In August, an international team of researchers led by Charité – Universitätsmedizin Berlin, Germany, completed testing of an alternative from of Rheumatoid arthritis medication called upadacitinib, a selective inhibitor of Janus kinase 1 that has been shown to be effective in patients with moderate to severe forms of the disease who have demonstrated an inadequate response to conventional synthetic DMARDs, including methotrexate.1
In a randomised, double-blind, placebo-controlled Phase III trial, the results of which were reported in The Lancet, patients treated with upadacitinib enjoyed significant improvements in joint swelling compared to patients treated with a placebo, as well as less pain and improvements in joint function.
“Our results prove that JAK inhibitors represent an effective treatment alternative in patients with long-term conditions who do not respond adequately to conventional drugs, and in those for whom biologics are not a good treatment option,” said Charité’s Professor Dr Gerd-Rüdiger Burmester, who conducted the study.
“JAK inhibitors could help these patients achieve a quick response to treatment, allowing them to gain control over their illness.”
As a next step, biopharmaceutical company AbbVie – which sponsored the clinical trial – is looking to submit the trial results to regulatory authorities in Europe and the US for review.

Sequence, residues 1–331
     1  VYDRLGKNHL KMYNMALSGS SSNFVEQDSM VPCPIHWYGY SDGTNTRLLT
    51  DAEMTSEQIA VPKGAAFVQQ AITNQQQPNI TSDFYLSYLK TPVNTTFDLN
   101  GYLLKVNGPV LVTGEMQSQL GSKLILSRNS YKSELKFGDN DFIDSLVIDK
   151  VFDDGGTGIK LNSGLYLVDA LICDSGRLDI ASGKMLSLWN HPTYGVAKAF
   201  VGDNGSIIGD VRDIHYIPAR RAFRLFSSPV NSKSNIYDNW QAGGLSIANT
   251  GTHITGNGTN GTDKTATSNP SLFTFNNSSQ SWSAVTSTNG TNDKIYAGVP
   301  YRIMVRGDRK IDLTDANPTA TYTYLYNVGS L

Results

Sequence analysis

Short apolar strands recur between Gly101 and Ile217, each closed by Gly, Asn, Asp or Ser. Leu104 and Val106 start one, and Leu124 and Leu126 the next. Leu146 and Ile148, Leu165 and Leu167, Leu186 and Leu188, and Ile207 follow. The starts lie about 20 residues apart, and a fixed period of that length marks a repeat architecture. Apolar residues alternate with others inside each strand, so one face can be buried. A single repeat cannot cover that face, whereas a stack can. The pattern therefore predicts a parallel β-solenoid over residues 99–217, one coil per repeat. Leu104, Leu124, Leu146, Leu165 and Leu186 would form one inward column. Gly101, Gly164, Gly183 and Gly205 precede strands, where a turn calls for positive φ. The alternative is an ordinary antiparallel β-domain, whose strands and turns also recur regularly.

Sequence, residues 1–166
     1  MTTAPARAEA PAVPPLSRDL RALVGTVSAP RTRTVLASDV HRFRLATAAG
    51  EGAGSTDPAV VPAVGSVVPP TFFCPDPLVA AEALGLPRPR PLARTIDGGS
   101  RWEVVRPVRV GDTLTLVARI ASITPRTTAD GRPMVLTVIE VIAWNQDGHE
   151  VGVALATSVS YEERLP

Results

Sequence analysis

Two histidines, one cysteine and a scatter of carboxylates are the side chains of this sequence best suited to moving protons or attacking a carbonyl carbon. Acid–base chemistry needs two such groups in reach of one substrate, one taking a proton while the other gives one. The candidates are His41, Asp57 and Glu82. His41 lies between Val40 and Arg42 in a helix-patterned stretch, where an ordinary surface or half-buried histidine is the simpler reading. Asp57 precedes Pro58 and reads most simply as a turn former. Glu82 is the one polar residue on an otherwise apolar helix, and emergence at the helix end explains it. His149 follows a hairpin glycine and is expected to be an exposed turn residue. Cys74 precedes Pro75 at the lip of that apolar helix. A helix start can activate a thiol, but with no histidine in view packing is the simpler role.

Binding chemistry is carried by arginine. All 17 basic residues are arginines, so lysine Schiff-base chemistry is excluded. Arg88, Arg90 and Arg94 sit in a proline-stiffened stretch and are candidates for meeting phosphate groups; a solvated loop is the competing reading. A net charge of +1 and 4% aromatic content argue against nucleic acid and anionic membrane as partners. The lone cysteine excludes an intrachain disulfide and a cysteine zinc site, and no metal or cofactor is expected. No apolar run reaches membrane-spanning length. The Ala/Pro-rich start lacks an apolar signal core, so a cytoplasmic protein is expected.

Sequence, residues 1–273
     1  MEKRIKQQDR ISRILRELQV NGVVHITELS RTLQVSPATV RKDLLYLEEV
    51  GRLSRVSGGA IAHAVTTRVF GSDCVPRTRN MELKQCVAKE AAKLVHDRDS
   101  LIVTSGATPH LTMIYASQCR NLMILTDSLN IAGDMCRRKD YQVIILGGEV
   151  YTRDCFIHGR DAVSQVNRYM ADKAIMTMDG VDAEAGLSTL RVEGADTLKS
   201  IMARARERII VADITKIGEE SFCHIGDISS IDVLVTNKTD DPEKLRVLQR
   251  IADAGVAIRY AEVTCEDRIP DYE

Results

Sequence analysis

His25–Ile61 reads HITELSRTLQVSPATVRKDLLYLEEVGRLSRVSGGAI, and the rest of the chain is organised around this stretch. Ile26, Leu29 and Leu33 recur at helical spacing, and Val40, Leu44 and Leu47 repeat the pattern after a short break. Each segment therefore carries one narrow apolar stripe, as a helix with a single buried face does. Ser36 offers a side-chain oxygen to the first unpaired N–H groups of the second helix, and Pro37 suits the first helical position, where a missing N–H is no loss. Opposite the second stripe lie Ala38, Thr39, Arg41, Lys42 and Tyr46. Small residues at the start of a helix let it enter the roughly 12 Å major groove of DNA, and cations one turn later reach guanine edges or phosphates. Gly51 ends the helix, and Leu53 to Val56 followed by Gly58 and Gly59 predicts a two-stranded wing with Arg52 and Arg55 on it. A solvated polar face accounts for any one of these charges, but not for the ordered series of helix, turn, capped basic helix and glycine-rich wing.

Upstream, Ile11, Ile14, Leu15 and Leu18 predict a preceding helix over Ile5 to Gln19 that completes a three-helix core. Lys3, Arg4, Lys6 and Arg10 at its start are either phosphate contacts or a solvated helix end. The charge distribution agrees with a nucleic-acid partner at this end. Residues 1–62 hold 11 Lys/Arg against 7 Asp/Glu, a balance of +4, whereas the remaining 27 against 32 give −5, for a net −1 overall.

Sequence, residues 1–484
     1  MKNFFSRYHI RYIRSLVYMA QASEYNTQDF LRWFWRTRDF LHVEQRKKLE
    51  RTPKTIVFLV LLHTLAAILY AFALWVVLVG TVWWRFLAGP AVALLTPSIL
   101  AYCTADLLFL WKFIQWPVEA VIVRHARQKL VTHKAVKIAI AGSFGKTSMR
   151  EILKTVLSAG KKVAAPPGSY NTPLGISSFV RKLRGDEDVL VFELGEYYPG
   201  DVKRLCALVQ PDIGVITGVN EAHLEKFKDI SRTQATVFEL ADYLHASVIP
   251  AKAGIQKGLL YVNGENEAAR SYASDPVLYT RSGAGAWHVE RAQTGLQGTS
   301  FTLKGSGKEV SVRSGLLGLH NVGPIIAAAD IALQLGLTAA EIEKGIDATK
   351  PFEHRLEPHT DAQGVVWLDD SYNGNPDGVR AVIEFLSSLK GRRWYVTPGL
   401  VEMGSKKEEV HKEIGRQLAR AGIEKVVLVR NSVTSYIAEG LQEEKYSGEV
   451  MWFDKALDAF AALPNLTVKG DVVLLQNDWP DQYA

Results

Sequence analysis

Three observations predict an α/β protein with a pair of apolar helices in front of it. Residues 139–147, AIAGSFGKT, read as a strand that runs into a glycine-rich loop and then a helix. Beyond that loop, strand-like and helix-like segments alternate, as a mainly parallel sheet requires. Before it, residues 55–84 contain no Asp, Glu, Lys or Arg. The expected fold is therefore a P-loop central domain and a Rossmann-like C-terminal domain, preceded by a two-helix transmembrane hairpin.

Methotrexate dosing errors
In April, the European Medicines Agency (EMA) announced that it had started a review of the risk of dosing errors with medicines containing methotrexate. Patients with inflammatory diseases like rheumatoid arthritis should take methotrexate once a week; however, when taken as a treatment for some types of cancer, the dose is higher and more frequent. According to the EMA: ‘Mistakes have led to some patients incorrectly receiving a dose every day instead of every week. As a result, patients have received too much of the medicine, with serious consequences in some cases.’
The EMA added that despite a series of measures being in place to reduce the likelihood of mistakes like these happening, including visual reminders on medicine packs, a ‘recent assessment found that serious adverse events related to overdose, including fatalities, are still occurring’. This led to the Spanish Agency of Medicines and Health Products (AEMPS) asking the EMA to further investigate the reasons behind such dosing errors and identify measures to stop them.
As a next step, the EMA’s Pharmacovigilance Risk Assessment Committee (PRAC) – the main EMA body responsible for assessing and monitoring the safety of human medicines – will look over the available evidence and make a recommendation as to whether further action is necessary in order to reduce the risk of doing errors.
- Gerd R Burmester et al. Safety and efficacy of upadacitinib in patients with rheumatoid arthritis and inadequate response to conventional synthetic disease-modifying anti-rheumatic drugs (SELECT-NEXT): a randomised, double-blind, placebo-controlled phase 3 trial. The Lancet, 2018; 391 (10139): 2503 www.thelancet.com/journals/lancet/article/PIIS0140-6736(18)31115-2/fulltext
This article will appear in issue 7 of Health Europa Quarterly, which will be published in November 2018.